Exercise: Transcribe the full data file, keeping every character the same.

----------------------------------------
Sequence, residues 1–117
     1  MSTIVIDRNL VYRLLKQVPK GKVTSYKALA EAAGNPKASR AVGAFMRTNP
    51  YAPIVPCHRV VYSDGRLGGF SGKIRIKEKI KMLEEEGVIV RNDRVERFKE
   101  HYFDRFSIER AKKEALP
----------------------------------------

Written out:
Sequence, residues 1–117
     1  MSTIVIDRNL VYRLLKQVPK GKVTSYKALA EAAGNPKASR AVGAFMRTNP
    51  YAPIVPCHRV VYSDGRLGGF SGKIRIKEKI KMLEEEGVIV RNDRVERFKE
   101  HYFDRFSIER AKKEALP